" . . . You're not going to like this, but my gut feeling is that all media is against George, a Republican, any Republican." Former First Lady Barbara Bush gave this assessment recently on NBC's "Dateline." For this reason, said Mrs. Bush, she had predicted defeat for her son, George W., in his 2000 presidential run.
And why not? The piling on continues from Democratic presidential contenders like Rep. Dick Gephardt (Missouri) and Sen. John Kerry (Mass.), both of whom decry, for example, the administration's alleged inability to get other nations to help finance the rebuilding of Iraq. "You remember on your report card you had your English grade, your history grade and then it said, 'plays well together'?" said Gephardt. "(Bush) flunked that part."
Bush dispatched Secretary of State Colin Powell to attempt to get other nations and international groups to financially chip in. Many pundits predicted disaster, with the U.S. receiving little or no economic assistance. USA Today wrote, "Many officials say the final figure may fall below $6 billion." The Los Angeles Times wrote, "Bathsheba Crocker, who has been studying Iraqi finances at the Center for Strategic and International Studies in Washington, said she would be surprised if participants were to pledge more than a combined $1 billion . . . "
Well, what happened? The international community pledged $13 billion in grants and loans, exceeding the most dire predictions. So how did the media deal with this relatively good news?
The Los Angeles Times' front-page headline said, "Thirteen Billion for Iraq Exceeds Expectations but Falls Short." While the New York Times headline read, "Over $13 Billion in Aid is Pledged To Rebuild Iraq: Sum Exceeds Predictions," the paper duly noted that the assistance primarily consisted of loans rather than grants: "The total surpassed what many had expected, although roughly two-thirds of the aid appeared to be in the form of loans rather than grants, which might complicate efforts by the Bush administration to beat back a drive in Congress to make more American aid in the form of loans."
The Los Angeles Times threw cold water on the relatively good news. "The aid," said the L.A. Times, "which will be combined with an expected $20 billion in U.S. grants, was more than American officials had predicted at the beginning of the month, but the total is less than the $56 billion needed. U.S. officials said that some of the promises made at a two-day conference might not pan out and some confessed disappointment that Persian Gulf states had not given more, despite U.S. pressure."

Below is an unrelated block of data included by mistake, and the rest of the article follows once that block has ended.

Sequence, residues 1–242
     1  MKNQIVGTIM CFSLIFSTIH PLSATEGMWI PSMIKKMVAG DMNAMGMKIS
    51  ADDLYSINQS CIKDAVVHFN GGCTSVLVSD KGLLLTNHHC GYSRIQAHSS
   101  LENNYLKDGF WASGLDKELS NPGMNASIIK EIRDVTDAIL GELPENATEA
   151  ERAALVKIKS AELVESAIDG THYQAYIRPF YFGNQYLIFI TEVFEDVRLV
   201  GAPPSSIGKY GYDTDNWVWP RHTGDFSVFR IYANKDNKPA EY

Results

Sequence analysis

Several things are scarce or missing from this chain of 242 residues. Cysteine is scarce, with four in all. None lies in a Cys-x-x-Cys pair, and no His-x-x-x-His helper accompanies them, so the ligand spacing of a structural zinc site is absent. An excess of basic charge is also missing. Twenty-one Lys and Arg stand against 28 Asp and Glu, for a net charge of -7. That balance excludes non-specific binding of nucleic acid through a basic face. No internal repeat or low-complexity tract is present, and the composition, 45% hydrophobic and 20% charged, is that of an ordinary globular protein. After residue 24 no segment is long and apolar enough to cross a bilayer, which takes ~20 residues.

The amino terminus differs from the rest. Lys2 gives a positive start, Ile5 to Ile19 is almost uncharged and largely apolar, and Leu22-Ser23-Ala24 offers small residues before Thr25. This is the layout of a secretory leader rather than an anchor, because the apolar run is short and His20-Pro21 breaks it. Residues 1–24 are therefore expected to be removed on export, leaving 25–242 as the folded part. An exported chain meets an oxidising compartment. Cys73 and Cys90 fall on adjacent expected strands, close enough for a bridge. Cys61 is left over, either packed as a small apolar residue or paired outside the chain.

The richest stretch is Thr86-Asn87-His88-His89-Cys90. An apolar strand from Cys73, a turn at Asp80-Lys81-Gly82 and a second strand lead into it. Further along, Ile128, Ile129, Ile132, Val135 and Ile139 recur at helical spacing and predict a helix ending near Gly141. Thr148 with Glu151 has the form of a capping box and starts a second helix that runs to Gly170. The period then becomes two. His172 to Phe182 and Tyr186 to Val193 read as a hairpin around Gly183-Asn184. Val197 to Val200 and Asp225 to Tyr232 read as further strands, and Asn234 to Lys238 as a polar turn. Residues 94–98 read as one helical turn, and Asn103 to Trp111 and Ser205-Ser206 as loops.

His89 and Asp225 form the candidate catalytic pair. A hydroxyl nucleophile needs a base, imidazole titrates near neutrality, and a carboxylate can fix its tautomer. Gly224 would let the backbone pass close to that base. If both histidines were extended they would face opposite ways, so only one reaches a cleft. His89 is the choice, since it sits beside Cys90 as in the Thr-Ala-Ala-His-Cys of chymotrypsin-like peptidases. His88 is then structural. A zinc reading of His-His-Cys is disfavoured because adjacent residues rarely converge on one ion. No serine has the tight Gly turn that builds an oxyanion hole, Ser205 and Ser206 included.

Understand this. When the United States led a coalition to enforce U.N. Resolution 1441 in the face of United Nations fecklessness, we did so out of a concern for our national security interests. Many in the "international community" still fail to see that radical Islamists, who seek to practice terrorism, threaten civilization itself, not just the United States. But their failure to see the enemy before them simply means that the Unites States must do its duty and accept that -- at least in the short run -- this requires us to do the heavy lifting.
Many nations don't get it, and perhaps never will. Despite the United Nation's unwillingness to put muscle into Resolution 1441, terrorists attacked the U.N. headquarters in Baghdad. On Oct. 6, 2002, terrorists blew up a French tanker. On Oct. 12, 2002, in Bali, Indonesia, terrorists bombed a nightclub. And terrorists in Iraq recently bombed a Red Cross building.
As for President Bush, not a bad couple of weeks. First, the economy appears to be bouncing back nicely, with unemployment compensation claims going down, the stock market in a boom, and economic growth last quarter now pegging the '90s boom rate of growth at a brisk 6 or 7 percent.
Congress voted for his requested $87 billion to support the troops in Iraq and to assist in that country's reconstruction. And the United Nations unanimously approved a resolution opening the door for the possibility of foreign troops in Iraq as well as the discussed financial contributions.
North Korea earlier refused to discontinue a nuclear weapons program without a formal U.S. non-aggression treaty. Now Kim Jong Il agrees to discontinue with only a written security assurance from the United States. (But as President Ronald Reagan warned, trust but verify. Remember, the Koreans lied to former President Clinton.)
In Iran, after many defiant statements, the country now agrees to allow the International Atomic Energy Agency to inspect and assure the world that it, too, intends to discontinue its weapons program. Do you think that perhaps the president's invasion of Iraq made the other two-thirds of the Axis of Evil just a tad skittish? Coincidence?
Oh, well, as always, the Democratic presidential contenders can still browbeat Bush for failing to master the pronunciation of the word "nuclear."